If you’re looking for beautiful growth in your garden, you really can’t go wrong with perennials. And the fact that these plants come back for years to come–major bonus. Perennial plants can also be forgiving, so they are a great option for those new to growing. When it comes to perennial planting, you’ll want to keep these things in mind.
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Where to Plant
When you’re determining where to plant your perennial there are some important factors to keep in mind. First things first, what works well in your area? A great way to find out what perennial plants will grow well in your area is by determining your plant hardiness zone. This will let you know which plants will most likely survive the winters in your area, coming back ready to bloom once spring returns. To learn more about finding your zone, check out our plant hardiness guide.
Next, you’ll want to ensure your perennial will get the proper amount of sunlight. Many perennials vary in their light needs, so you’ll want to check what your plant needs to grow. Sun-loving plants, like dianthus, flourish when they receive at least 6 hours of sunlight daily. Shade lovers, like hostas, are the opposite, preferring shadier quarters that are protected from getting too much sun.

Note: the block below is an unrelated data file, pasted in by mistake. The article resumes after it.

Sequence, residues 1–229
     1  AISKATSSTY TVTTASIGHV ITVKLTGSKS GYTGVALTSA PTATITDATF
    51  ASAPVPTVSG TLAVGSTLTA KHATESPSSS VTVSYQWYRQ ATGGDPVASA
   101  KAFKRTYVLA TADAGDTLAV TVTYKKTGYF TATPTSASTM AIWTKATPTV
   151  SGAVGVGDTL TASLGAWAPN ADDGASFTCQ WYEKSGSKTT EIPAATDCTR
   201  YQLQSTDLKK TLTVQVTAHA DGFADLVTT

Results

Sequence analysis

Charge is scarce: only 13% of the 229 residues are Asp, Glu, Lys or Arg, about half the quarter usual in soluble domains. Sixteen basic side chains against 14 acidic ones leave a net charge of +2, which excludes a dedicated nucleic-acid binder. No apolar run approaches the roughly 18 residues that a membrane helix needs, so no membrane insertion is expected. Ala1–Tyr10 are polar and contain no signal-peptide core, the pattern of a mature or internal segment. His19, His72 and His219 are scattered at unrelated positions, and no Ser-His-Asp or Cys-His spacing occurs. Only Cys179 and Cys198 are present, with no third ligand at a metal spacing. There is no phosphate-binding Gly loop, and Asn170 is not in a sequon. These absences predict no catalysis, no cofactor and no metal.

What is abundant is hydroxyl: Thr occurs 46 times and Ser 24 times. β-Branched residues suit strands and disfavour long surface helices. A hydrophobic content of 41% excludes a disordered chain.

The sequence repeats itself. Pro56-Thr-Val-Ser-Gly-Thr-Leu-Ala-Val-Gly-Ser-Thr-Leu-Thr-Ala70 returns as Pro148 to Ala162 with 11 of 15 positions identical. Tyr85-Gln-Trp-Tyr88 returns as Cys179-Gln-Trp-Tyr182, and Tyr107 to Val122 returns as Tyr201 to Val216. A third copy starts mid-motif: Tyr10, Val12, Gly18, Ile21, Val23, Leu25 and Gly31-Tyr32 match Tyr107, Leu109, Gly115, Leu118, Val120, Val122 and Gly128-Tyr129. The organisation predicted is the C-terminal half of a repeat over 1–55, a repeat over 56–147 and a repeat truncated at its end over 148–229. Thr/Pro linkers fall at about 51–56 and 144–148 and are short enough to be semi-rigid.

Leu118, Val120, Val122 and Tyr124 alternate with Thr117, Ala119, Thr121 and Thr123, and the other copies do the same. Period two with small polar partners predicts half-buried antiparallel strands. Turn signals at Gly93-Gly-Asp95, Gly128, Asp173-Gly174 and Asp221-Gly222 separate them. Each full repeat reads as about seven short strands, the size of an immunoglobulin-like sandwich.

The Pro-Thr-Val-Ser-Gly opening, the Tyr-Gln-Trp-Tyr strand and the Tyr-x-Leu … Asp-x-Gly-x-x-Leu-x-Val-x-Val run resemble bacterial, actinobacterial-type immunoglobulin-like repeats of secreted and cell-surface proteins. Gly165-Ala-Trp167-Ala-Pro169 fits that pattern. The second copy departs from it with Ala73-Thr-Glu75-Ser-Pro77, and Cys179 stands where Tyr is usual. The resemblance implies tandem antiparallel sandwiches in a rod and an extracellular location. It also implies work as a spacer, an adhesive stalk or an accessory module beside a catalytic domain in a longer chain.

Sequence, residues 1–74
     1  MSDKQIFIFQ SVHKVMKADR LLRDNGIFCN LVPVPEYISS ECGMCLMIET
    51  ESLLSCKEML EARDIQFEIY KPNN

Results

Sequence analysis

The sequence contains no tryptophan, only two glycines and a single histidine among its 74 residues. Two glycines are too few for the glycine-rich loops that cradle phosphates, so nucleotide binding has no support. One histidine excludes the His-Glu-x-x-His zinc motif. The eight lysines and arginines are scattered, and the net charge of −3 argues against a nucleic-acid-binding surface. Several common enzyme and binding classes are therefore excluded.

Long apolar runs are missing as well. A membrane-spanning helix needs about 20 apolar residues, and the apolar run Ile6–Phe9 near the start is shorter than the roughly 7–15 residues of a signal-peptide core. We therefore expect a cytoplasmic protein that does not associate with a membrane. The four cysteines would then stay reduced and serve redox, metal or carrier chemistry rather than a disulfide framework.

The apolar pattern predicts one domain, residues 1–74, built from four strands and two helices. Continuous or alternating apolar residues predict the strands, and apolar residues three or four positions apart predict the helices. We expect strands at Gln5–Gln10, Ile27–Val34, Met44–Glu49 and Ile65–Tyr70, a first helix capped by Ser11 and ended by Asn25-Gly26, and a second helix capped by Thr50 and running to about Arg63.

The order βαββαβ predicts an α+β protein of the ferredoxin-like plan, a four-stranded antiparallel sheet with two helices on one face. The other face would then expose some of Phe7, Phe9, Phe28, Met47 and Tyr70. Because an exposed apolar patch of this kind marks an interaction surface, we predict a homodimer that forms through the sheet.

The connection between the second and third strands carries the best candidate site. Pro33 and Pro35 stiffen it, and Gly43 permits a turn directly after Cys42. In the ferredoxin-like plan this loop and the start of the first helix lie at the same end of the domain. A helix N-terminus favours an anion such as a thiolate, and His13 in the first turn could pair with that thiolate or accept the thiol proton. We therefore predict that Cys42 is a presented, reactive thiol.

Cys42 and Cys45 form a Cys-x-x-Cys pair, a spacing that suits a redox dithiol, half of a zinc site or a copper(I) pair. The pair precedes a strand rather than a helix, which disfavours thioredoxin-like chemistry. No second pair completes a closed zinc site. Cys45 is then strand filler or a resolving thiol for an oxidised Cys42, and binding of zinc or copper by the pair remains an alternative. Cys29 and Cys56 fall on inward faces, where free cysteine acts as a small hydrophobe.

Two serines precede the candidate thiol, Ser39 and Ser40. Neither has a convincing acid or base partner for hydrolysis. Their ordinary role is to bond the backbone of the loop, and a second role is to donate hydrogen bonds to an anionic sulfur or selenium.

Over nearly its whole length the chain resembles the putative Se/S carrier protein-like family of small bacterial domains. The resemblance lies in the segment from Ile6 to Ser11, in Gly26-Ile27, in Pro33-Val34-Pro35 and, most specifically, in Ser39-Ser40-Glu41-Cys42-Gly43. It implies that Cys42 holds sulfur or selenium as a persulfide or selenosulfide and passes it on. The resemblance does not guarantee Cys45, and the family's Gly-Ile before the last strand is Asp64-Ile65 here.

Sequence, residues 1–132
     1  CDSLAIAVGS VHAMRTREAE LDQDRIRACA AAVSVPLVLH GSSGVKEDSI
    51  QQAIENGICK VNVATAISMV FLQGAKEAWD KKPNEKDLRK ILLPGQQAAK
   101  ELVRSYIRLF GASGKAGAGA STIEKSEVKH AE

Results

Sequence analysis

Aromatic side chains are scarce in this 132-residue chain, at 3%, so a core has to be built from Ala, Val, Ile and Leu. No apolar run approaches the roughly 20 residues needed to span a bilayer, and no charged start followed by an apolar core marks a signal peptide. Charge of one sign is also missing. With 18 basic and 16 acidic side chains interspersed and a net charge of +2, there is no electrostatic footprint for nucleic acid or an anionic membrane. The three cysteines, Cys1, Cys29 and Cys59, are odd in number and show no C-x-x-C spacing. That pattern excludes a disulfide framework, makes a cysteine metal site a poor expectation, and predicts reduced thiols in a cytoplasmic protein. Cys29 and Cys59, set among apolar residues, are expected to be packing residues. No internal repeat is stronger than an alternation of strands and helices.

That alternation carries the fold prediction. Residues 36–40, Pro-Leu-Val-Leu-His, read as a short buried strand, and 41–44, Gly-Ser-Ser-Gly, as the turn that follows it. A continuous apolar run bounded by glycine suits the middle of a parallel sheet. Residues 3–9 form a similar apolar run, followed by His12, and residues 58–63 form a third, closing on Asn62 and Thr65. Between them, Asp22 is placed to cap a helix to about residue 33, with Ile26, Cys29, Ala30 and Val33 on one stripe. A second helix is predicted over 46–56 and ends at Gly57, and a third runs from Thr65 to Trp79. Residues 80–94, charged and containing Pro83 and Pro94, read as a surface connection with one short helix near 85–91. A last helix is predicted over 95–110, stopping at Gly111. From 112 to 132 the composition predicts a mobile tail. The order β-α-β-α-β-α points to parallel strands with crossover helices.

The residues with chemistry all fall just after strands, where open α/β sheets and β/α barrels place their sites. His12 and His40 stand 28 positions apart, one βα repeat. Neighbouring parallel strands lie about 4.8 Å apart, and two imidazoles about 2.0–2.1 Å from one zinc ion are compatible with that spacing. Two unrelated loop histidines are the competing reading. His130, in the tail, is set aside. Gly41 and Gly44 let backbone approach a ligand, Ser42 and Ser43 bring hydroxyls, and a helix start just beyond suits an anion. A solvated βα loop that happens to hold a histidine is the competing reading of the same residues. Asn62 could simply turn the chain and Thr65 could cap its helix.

When deciding on where to plant, it’s also helpful to group plants together with similar water and care needs. Planting drought-tolerant plants near each other keeps the soil from getting too much water, whereas plants that need regular drinks can soak up those extra waterings together.
Also, when it comes to water–whether you decide to plant your perennial in a pot or in the ground–you’ll want to make sure that area drains properly. Roots that constantly sit in soggy, wet soil can lead to root rot, which can kill plants.
See what your Greendigs perennial plant prefers on their product page on www.shopgreendigs.com.
Once the where and when is figured out, it’s all about the planting. When planting or transplanting a perennial plant with some growth, you typically want to dig a hole that’s twice as wide and no deeper than the container it came in. Depth can vary for perennials grown from a bulb or bare roots, so you’ll want to check their ideal planting depth. Some sprout better when planted only 1’’-2’’ below the soil’s surface, while others require 3x that depth, preferring to be snuggled up 4’’-6’’ deep underground. Once you’ve got a space prepared in the soil, place your plant, bulb, or bare root in the hole, then backfill the empty space with soil. Lightly firm the soil around your plant to remove any large air pockets, then give it a thorough watering.
For a full rundown of planting bulbs and bare roots, read our guide to planting them.
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